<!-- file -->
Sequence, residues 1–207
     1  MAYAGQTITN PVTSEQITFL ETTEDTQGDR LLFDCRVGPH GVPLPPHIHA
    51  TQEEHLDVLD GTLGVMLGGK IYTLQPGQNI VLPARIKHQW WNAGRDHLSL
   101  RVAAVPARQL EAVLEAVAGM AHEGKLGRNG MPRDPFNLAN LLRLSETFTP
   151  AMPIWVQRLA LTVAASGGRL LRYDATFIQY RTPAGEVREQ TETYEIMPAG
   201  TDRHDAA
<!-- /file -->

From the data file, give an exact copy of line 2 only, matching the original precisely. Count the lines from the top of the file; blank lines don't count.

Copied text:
     1  MAYAGQTITN PVTSEQITFL ETTEDTQGDR LLFDCRVGPH GVPLPPHIHA